How to instill behaviour that supports your corporate strategy

Drake Editorial Team

As Published In The Drake Business Review, Volume 5: Number 1 

IF YOU HAVE NEVER CONSIDERED HOW your employees’ behaviours affect your company’s overall success, perhaps you should. Your employees may have widely differing views of your organization, tied to how they are expected to behave and how they are actually behaving. Every behaviour in your organization affects the way your customers and stakeholders think of you.

If people have a negative view, that means you have “excess movement” within your organization: Too many people are doing tasks they should not be doing. They’re fixing mistakes and making up for others’ lack of results. Essentially, they’re doing excess things that are not part of operating in a streamlined fashion. When some people are constantly fixing others’ work or redoing their own work, they’re not supporting the corporate strategy.

However, you can create a culture that ties strategic actions to expected results and has no excess movement. In this environment, every behaviour is deliberately focused on satisfying the organization’s goals and that person’s need for fulfillment. The way the employees behave, the way they interact with each other, and the way they go about their business enhance quality and communicate the right attitude.

In an organization in which behaviour is an important ingredient in how people work, everyone is expected to treat others with respect and provide them with information when they ask for it. Behaviour is held on a high level, and exceptional work is expected because it helps an organization grow and flourish. As a result, everyone feels encouraged to strive for a little more. To foster this type of culture in your organization, follow these tips.

1. MAINTAIN A NUMBER 1 MINDSETThis culture starts from the CEO’s desire to be the best. With this mindset, you don’t worry about encroachment by competitors but rather think about ways you can continue to be Number 1.

How can you not worry about competitors? All businesses essentially provide either a product or a service. If you provide a service and focus on delivering your very best, no one else in the marketplace can compare with you. You make yourself stand out by your dedication to your clients. If you offer a product, find some other way to make yourself stand out. Perhaps focus on customer service, the way you deliver your product, or the way you package your product. This act of differentiating yourself sets you apart from others so you’ll no longer be a commodity. Customers will see you for the value you offer and will buy from you for reasons other than only the product.

Ultimately, having a Number 1 mindset is not about comparing yourself to others; it’s about focusing on you and the internal processes and procedures that keep your entire company focused on its goal. With this mindset, you not only believe and act like you’re the best, but you treat employees as if they are also the best. Respect and trust are the driving forces that permeate every relationship. And co-operation and a willingness to share are evident on all levels, from the CEO to the mailroom clerk. When everyone models these behaviours, the Number 1 mindset is easy to implement.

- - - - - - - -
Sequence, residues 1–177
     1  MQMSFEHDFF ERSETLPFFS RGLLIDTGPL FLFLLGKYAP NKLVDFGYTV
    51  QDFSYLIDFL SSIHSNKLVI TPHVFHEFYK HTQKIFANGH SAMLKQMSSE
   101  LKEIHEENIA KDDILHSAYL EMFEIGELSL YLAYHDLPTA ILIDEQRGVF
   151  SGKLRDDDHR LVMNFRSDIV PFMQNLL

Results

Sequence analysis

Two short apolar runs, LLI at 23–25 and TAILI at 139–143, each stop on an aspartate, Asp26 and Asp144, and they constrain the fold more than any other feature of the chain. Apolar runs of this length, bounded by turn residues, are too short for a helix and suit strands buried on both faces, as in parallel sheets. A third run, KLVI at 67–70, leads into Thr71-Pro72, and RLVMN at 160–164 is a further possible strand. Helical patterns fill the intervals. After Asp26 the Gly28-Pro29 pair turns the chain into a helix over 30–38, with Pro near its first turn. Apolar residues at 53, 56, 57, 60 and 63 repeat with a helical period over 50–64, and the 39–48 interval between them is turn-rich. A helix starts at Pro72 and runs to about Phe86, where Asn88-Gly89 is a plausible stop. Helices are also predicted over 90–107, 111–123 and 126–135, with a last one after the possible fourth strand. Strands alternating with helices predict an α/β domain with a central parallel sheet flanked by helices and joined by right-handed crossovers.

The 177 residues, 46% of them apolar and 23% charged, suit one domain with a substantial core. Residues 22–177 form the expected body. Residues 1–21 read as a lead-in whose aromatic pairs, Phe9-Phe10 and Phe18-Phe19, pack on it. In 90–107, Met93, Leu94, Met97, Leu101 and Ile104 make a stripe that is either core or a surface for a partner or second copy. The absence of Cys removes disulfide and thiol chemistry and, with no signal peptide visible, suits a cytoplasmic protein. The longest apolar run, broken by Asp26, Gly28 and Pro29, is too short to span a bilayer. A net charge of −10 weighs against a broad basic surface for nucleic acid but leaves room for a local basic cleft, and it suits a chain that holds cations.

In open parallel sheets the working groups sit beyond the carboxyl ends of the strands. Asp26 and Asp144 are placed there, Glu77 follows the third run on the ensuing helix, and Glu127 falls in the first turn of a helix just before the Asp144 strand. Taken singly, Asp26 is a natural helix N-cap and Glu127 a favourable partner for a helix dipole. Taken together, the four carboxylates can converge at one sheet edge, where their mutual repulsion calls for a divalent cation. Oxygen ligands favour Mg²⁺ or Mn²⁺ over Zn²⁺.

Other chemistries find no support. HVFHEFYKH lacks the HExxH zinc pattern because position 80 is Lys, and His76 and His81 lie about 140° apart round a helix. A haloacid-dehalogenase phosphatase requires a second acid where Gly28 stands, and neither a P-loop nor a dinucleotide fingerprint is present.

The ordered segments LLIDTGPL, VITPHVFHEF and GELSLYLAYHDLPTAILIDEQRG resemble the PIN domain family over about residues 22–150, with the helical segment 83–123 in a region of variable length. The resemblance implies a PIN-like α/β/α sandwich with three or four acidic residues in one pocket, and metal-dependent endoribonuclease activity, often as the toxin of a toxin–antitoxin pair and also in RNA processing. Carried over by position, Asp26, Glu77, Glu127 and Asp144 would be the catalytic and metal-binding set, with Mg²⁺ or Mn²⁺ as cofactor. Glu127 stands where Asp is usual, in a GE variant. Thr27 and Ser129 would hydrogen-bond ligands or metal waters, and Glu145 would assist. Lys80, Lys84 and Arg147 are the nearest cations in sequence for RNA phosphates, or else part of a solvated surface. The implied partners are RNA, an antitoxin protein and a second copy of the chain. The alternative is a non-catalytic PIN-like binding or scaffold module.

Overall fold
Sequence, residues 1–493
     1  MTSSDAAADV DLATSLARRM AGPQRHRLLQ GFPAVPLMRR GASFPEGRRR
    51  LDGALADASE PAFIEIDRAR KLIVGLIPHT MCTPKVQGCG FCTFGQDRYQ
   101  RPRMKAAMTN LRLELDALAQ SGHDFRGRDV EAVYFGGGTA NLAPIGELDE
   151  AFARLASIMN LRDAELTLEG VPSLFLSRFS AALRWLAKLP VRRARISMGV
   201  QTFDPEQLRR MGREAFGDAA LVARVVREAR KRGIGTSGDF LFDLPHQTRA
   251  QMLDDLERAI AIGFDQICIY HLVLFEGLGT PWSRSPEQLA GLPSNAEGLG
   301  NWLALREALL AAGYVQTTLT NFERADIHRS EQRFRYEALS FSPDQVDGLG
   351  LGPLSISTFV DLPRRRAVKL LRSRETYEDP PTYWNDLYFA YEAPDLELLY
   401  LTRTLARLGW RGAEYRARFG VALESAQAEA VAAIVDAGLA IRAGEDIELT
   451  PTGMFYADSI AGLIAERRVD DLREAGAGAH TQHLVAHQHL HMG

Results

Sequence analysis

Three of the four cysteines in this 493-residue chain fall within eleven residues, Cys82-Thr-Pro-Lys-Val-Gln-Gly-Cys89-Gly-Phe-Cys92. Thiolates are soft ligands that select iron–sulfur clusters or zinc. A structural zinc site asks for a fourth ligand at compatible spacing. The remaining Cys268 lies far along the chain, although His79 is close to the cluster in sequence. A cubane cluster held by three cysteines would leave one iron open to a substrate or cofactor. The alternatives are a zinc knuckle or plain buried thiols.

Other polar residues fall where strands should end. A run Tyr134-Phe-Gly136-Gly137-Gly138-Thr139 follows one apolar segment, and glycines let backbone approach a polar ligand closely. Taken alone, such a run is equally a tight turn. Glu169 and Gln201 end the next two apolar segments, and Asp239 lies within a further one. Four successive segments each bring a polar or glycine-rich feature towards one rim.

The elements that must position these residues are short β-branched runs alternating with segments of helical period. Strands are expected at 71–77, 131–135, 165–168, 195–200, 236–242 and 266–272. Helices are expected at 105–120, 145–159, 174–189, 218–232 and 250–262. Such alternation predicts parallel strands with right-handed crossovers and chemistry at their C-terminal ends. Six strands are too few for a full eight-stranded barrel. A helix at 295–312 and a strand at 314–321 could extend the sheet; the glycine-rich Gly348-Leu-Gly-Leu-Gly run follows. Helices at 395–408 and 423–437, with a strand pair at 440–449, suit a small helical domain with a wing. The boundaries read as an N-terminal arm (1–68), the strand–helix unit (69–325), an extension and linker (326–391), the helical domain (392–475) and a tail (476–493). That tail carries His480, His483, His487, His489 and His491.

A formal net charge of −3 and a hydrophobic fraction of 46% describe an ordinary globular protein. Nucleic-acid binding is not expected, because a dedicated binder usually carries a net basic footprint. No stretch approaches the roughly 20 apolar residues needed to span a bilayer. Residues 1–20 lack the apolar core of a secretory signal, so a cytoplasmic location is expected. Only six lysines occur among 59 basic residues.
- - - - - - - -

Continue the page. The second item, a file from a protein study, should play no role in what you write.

2. ELIMINATE COMPETITIONWhen you treat all your employees as if they are the best, competitive behaviour is no longer necessary. You create an open environment where everyone is the top in their field. Without competition, your employees function and work together as a team. They don’t thwart other people’s efforts, hide information, or work against each other in any way. No one feels the need to compete to be the best because they are all the best.

Make it known to all your employees that competitive behaviour has no place in your organization. When someone exhibits such behaviour, put them back on track or even end their relationship with your company. Someone behaving disrespectfully is not working toward the organization’s goals.

3. ENCOURAGE EXCEPTIONALTo align behaviour with the organizational strategy, you must expect people to deliver only exceptional work and to do all that is necessary to achieve it. Creativity is commonplace, and even mistakes are encouraged in this open-ended environment because they lead to creativity.

When your employees perform at an exceptional level, reward their behaviour. Monetary rewards are not always necessary; you can also show recognition by putting people up on a pedestal and giving them company-wide recognition for delivering extra value. This will encourage others to perform at this level as well.

4. MIX UP TALENTSWithin your organization, you likely have people you have identified as fast-trackers — those who have great potential for success and whom you want to advance in the company. Before you promote someone, have them learn other areas of the business by “trading” jobs. This not only gives the fast-tracker a broader sense of what the company does, but also helps the person develop creativity, operate out of their comfort zone, and know what others in the organization are up against.